The launch cost revolution spurred by SpaceX and the satellite revolution spurred by Planet have turned space into a proper commercial enterprise. We are now trying to build a massive new economy in Low Earth Orbit.

I would argue that the mainstream public has missed this moment and what it portends. And my book is an attempt to explain how we got here, what it means and what it looks like when Silicon Valley takes over space.

No one knows if the space economy will live up to its billing. But it will be quite the show as we find out.

Offline FutureSpaceTourist

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Re: Ashlee Vance book: When the Heavens Went on Sale
« Reply #10 on: 04/30/2023 11:25 pm »
WT…

https://twitter.com/ashleevance/status/1652815580406386688

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Come to the new book to find out about the time the FBI tried to figure out if Obama and @elonmusk, among others, were trying to destroy the US space program via NASA. (Your tax dollars at work/Life stranger than fiction)  amazon.com/When-Heavens-W…

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Still, things escalated quickly and dramatically from that point.
A group of Ames employees handed Congress a fifty-five-page report that, according to Worden, suggested the existence of a far-reaching conspiracy to destroy the US space program. Not only were Worden and his buddies allegedly involved in the conspiracy, but so, too, were President Barack Obama, Elon Musk, and Lori Garver, the deputy administrator of NASA, who had been a major advocate of Space and private space exploration. Fueled by the document, the FBI kicked off an investigation that ended up taking four years and dragged Ames through the press as a bastion of spies.

Edit to add:

https://twitter.com/Lori_Garver/status/1652822116306231297

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I wrote in my own book about the orchestrated attempt to paint me, @elonmusk @POTUS44 & others as trying to destroy the US space program. Attacks on us came from such a wide range of directions I’d forgotten the Ames paper! FBI should have investigated those making the charges!
« Last Edit: 04/30/2023 11:49 pm by FutureSpaceTourist »

Offline woods170

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Re: Ashlee Vance book: When the Heavens Went on Sale
« Reply #11 on: 05/01/2023 08:42 am »
WT…


Quote from: Ashlee Vance on Twitter
Come to the new book to find out about the time the FBI tried to figure out if Obama and @elonmusk, among others, were trying to destroy the US space program via NASA. (Your tax dollars at work/Life stranger than fiction)  amazon.com/When-Heavens-W…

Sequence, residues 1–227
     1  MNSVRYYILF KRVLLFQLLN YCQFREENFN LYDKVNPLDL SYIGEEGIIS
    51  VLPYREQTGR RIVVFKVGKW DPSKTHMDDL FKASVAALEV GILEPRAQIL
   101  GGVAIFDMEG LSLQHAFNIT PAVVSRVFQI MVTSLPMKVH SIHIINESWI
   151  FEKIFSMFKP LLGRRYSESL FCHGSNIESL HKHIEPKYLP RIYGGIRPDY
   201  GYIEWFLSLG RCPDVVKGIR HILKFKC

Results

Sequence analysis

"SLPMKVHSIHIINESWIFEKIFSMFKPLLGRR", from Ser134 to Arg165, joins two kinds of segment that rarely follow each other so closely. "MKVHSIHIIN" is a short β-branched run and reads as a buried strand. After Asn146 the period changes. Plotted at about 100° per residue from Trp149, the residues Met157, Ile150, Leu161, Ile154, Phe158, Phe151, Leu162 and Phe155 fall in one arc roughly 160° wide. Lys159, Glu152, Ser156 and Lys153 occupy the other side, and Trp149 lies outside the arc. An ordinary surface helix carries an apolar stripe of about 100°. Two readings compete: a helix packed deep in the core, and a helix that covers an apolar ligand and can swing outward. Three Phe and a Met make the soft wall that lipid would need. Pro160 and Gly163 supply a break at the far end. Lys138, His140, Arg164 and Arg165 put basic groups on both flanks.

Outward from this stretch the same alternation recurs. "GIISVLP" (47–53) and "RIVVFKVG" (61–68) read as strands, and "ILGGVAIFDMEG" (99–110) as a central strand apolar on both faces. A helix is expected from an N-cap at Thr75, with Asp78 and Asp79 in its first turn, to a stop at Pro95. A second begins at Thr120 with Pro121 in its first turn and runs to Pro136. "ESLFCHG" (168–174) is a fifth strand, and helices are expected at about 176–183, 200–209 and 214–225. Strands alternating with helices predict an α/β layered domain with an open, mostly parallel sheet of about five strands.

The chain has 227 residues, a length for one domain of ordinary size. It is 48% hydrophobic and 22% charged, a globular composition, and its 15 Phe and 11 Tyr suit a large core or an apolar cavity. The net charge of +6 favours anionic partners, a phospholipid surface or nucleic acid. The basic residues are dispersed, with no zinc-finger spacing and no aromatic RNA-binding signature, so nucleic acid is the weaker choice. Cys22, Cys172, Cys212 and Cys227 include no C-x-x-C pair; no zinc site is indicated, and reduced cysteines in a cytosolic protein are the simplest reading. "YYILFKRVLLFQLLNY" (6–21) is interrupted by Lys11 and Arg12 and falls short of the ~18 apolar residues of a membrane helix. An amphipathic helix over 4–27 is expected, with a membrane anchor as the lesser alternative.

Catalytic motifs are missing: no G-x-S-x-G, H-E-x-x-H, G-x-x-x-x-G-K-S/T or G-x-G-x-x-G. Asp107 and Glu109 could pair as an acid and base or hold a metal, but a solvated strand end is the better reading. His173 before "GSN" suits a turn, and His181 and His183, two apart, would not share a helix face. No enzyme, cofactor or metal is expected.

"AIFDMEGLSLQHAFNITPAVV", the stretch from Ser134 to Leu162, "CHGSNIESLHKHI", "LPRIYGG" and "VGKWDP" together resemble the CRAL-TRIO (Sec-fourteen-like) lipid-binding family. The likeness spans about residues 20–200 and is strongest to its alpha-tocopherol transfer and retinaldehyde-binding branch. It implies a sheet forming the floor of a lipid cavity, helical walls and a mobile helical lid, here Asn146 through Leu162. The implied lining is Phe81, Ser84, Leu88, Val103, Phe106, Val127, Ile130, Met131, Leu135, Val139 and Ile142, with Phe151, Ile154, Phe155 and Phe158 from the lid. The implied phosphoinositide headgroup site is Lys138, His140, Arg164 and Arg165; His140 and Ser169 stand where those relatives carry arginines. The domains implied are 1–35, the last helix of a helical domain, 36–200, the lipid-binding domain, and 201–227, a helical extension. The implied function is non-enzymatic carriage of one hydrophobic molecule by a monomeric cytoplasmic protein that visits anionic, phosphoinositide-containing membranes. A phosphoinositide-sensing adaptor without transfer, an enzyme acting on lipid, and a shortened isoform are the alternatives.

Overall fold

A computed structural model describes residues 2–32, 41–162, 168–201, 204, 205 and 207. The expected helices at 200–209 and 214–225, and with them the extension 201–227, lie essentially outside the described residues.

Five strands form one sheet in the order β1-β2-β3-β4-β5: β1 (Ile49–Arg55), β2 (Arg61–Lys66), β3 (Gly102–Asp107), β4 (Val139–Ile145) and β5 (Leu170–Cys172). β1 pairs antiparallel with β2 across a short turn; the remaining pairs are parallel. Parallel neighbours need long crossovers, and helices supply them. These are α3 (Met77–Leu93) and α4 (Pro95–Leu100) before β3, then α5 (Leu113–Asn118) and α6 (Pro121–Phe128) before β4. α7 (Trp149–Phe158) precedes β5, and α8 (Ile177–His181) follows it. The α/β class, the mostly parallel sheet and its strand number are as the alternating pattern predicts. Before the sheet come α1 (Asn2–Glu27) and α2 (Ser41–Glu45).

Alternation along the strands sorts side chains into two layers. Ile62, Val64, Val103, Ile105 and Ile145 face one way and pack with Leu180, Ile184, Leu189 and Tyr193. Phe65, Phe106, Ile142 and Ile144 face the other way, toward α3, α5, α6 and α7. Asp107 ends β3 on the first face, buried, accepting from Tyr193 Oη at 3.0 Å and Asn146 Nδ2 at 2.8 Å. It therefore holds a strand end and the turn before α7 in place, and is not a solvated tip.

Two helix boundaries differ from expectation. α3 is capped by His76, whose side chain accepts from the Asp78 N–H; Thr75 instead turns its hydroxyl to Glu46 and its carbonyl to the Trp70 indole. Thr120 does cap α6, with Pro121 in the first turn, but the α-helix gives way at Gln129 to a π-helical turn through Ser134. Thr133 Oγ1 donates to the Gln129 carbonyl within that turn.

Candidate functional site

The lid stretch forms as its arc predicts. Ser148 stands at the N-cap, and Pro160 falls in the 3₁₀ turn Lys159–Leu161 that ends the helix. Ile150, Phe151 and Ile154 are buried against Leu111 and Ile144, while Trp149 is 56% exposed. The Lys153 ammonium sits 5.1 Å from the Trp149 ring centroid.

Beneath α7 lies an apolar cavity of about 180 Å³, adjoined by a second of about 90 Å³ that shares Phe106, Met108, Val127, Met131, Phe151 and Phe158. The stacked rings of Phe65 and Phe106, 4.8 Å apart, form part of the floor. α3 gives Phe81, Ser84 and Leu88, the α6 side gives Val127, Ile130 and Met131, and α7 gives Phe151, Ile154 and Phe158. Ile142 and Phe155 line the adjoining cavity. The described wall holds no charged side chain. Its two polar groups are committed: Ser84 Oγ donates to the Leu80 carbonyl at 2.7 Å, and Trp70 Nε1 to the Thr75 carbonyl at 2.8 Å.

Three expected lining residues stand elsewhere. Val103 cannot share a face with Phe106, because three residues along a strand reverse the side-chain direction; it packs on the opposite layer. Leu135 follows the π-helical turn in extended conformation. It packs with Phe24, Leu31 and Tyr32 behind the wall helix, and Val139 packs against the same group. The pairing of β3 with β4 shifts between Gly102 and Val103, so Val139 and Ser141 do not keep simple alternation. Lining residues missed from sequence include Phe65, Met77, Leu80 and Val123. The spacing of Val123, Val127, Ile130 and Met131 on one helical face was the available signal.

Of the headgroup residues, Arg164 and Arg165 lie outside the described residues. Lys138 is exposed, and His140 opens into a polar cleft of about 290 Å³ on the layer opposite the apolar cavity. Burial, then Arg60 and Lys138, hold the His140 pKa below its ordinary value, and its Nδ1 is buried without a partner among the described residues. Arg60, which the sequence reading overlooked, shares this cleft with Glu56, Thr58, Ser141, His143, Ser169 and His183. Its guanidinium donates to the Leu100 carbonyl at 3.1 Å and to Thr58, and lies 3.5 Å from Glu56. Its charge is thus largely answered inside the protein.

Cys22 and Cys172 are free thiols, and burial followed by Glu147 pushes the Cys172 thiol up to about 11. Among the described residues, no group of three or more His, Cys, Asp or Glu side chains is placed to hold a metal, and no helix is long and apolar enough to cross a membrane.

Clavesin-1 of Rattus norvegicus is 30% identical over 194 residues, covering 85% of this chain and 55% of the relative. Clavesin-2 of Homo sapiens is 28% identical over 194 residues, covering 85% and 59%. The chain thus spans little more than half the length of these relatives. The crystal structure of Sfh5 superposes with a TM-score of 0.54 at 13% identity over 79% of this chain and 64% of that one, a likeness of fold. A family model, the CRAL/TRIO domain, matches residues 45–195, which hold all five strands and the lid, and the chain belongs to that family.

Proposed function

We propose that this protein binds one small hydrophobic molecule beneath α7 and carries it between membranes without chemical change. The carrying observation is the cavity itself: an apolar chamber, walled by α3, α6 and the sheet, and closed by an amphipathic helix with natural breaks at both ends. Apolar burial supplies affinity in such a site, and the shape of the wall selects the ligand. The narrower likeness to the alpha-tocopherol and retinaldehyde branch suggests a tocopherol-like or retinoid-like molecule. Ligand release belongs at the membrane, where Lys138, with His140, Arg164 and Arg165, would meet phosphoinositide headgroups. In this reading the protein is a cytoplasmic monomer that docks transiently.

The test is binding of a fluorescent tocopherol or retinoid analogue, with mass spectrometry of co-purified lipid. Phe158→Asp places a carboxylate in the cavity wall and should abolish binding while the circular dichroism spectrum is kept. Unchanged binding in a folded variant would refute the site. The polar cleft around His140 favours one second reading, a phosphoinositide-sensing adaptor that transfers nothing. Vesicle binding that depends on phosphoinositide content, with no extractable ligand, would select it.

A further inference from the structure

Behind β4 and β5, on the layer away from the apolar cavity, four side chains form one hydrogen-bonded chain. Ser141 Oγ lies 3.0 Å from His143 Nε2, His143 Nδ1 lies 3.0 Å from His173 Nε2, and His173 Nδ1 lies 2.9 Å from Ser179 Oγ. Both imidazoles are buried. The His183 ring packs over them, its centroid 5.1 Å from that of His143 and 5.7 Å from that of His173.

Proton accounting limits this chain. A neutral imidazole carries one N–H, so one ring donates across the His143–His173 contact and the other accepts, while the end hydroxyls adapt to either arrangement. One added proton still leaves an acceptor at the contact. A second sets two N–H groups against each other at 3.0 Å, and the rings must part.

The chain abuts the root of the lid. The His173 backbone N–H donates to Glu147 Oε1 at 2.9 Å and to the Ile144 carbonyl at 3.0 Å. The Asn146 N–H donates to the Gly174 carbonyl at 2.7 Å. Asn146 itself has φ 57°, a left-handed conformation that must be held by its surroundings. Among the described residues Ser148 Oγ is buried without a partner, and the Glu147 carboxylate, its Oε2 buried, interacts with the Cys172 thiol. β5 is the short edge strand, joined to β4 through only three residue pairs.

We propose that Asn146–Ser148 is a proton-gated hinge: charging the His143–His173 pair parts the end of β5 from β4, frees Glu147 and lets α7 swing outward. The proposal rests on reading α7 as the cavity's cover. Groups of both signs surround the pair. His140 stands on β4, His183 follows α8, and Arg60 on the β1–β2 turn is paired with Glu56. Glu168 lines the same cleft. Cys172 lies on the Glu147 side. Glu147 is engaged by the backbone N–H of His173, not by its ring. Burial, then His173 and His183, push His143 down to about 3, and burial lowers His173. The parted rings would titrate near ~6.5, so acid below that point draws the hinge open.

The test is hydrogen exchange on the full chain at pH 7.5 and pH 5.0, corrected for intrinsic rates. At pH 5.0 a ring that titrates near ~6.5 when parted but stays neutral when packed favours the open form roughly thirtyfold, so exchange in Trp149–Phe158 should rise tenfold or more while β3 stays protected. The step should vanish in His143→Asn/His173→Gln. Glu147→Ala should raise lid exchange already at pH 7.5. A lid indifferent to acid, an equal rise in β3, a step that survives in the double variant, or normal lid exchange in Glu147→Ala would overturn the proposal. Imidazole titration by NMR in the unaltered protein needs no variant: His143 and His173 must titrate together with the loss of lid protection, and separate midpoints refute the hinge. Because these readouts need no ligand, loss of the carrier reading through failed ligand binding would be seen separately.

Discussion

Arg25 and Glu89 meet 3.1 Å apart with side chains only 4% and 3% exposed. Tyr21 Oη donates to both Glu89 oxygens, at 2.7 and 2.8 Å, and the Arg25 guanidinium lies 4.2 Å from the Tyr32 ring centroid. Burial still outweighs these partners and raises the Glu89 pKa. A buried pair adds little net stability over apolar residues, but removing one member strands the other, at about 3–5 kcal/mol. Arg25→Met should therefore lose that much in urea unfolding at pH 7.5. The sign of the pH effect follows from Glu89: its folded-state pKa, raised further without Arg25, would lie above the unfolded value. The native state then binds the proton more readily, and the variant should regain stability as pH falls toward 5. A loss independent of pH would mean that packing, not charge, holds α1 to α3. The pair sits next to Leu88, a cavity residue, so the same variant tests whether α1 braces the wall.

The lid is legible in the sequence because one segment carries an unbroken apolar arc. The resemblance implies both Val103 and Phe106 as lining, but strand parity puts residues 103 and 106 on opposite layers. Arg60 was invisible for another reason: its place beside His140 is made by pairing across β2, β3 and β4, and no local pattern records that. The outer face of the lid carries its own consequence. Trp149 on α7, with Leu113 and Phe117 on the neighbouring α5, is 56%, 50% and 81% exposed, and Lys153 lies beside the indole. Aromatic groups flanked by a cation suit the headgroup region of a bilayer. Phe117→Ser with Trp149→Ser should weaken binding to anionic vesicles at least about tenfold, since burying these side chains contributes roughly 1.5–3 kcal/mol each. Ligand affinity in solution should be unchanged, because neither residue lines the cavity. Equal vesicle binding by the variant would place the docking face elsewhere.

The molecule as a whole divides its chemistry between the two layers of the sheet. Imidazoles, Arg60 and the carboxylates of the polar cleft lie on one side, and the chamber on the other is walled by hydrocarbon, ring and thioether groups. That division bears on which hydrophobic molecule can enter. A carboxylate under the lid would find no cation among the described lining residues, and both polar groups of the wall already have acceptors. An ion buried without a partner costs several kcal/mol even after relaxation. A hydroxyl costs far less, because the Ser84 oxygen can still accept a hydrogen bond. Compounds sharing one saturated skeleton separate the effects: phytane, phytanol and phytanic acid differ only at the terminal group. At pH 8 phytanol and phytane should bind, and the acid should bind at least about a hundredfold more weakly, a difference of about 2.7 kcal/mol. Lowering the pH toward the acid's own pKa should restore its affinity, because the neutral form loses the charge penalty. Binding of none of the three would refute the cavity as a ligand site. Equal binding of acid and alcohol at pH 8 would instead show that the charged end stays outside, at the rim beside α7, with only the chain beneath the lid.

Quote
Still, things escalated quickly and dramatically from that point.
A group of Ames employees handed Congress a fifty-five-page report that, according to Worden, suggested the existence of a far-reaching conspiracy to destroy the US space program. Not only were Worden and his buddies allegedly involved in the conspiracy, but so, too, were President Barack Obama, Elon Musk, and Lori Garver, the deputy administrator of NASA, who had been a major advocate of Space and private space exploration. Fueled by the document, the FBI kicked off an investigation that ended up taking four years and dragged Ames through the press as a bastion of spies.

Edit to add:


Quote from: Lori Garver on Twitter
I wrote in my own book about the orchestrated attempt to paint me, @elonmusk @POTUS44 & others as trying to destroy the US space program. Attacks on us came from such a wide range of directions I’d forgotten the Ames paper! FBI should have investigated those making the charges!

To those here on the forum in "the early days" it was obvious back then already that a combination of hardcore old-space companies, and their subjugates in US Congress, were doing their utmost best to make sure that SpaceX, NASA and "rogue elements in US Congress (John McCain and others), would not upset the "natural order of things". Including sending the FBI after "rogues" at NASA and US government officials.

They failed.

Not in the least because SpaceX had some staunch supporters within NASA at exactly the right time (Lori Garver and others, particularly in the C3PO). And also because SpaceX was not afraid to sue their would-be customers for a fair chance and a level playing field. That AND the fact that Elon Musk knew exactly how to swing public opinion against old-space (an infamous senate hearing where Musk squared off against Mike Gass led to Gass being axed as the ULA CEO) AND optimally using a gold opportunity when he saw one (the photo opportunity with Obama at SLC-40 for example). And then there was the disaster known as "The Constellation Program" that Mike Griffin unleashed and which damaged old-space interests. And finally there was the political fall-out from the Russian invasion of the Crimea of 2014.

All those things combined resulted in:
- ELC going away
- the ULA EELV/NSSL monopoly going away
- "Cost Plus is the default contracting mechanism" going away